I recently came across a list of the 10 most sustainable countries
in the world. I am not surprised that the U.S. isn't in the top 10. It's painfully obvious this country isn't serious about green and clean energy initiatives. It could have something to do with the politics of big oil (spills). Or the fractured state of the U.S. economy. Or that TLC's "Kate Plus 8" isn't getting renewed for another season. But as a wise man once said, "Excuses are like [censored]. Everybody's got one." Here are three recent green and clean examples that make no excuses for being totally awesome and put the U.S. to shame.
Germany's Sunny Disposition
I live in New Jersey, a state known for its generous solar entitlements. But save for a few residential homes with solar roofs and a handful of solar powered street lights, I don't get the sense that solar will be taking off anytime soon. As of this writing, we are hunkering down and making preparations for Hurricane Irene. Gas powered generators are completely sold out everywhere in anticipation of electricity being knocked out for a few days. In times like these, a sustainable power grid becomes even more vital. But, I digress. Take a look at this incredible video that shows solar taking off in Munich
. Why can't we replicate this process here? In somewhat related news, Volkswagon recently announced it plans to invest nearly $1.5 billion in clean energy initiatives
to reduce emissions by 40%. Again, why can't we replicate this type of investment here?
Sweden's Reach Exceeds Grasp
So there's this big sustainable development conference
coming up where world leaders will once again meet to discuss what sustainable development actually means. Color me stupid, but shouldn't we be well past the "what" phase by now and onto the "when"? Especially for a conference that started in 1992? Sigh. Thankfully, we have countries like Sweden in attendance who like to lay the sustainability awesome sauce on extra thick. Here's an excerpt taken from a recent article published in Middle East North Africa Financial Network, called "Sweden: Sustainable Development Must Start with People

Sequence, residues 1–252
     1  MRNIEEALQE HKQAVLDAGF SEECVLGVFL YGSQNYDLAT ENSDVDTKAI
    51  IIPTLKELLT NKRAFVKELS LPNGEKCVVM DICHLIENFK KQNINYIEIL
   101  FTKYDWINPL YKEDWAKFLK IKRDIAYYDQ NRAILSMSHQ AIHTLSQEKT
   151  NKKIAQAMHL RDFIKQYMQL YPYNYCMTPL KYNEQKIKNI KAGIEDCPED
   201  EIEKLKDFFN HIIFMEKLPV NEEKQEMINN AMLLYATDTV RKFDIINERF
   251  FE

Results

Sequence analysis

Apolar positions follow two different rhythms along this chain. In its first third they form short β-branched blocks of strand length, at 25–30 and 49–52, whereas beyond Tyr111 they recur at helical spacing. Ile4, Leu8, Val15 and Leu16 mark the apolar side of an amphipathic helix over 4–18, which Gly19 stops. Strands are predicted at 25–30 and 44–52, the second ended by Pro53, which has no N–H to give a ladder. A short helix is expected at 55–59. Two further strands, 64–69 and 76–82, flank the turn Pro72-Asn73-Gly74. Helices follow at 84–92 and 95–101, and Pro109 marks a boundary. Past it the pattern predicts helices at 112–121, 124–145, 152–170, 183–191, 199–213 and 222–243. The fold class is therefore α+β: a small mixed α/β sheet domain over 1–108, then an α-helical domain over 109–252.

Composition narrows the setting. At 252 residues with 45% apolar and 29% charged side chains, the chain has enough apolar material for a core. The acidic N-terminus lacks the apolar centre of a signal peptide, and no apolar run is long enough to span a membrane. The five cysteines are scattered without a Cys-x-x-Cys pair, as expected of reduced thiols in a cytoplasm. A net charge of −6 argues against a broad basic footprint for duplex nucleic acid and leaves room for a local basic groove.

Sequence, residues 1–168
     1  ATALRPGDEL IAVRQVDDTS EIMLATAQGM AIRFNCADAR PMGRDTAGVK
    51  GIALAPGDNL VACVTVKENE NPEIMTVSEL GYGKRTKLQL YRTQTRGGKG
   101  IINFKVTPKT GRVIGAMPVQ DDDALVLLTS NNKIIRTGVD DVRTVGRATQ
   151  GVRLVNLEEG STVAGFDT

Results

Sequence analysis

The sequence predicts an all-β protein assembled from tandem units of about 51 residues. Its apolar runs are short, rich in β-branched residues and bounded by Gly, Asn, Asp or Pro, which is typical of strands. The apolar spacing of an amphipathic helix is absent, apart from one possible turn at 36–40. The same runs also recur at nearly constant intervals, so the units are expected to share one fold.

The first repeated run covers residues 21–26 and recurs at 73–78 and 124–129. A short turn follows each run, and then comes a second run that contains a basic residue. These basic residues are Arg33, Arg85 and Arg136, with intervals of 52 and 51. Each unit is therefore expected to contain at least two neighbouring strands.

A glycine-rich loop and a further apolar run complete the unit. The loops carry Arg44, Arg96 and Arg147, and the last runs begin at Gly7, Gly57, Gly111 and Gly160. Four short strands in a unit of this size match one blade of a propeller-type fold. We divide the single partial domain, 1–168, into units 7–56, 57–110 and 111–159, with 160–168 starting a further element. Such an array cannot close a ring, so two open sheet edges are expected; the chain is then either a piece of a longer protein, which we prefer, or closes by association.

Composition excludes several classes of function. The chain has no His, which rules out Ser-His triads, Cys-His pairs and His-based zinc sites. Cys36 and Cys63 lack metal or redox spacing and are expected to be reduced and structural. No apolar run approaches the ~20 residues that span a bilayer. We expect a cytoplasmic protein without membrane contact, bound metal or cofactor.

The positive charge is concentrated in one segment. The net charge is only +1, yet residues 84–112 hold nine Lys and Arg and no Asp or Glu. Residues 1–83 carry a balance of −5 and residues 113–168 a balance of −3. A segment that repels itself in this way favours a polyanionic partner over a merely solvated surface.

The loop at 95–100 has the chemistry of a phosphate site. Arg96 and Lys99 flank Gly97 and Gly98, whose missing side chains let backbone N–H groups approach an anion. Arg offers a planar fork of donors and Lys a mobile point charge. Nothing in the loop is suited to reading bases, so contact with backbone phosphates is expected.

Sweden's current development agenda for sustainable cities in developing countries includes strong political support for democracy and measures to promote the participation of poor people and marginalized groups in the management of basic services including water resources and sanitation
And here's the real zinger:
At 1.03 percent of gross national income (GNI) Sweden boasts the world's highest rate of official development assistance (ODA) to the world's poorest nations, followed by Luxembourg, (1.0 percent) and Denmark (0.83 percent).
Ikea Moves Into Total Clean Energy Outlook
SustainableBusiness.com recently reported that mega-retailer Ikea has plans to make all of its stores run on 100% clean energy. The company purchased a Scottish wind farm and plans to install 39,000 solar panels on 10 UK stores. Ikea bought the 12.3 megawatt (MW) windfarm in Huntly, Aberdeenshire, for an undisclosed amount. Ikea now owns 67 wind turbines in Europe with add capacity of 130 MW in Germany, France, Denmark and UK. According to SustianableBusiness.com, the company is also building a nine turbine wind farm in Sweden. Chief Sustainability Officer Steve Howard estimates Ikea will be generating 70%-80% of its electricity from renewable energy by 2015.
Why can't we...bah, nevermind.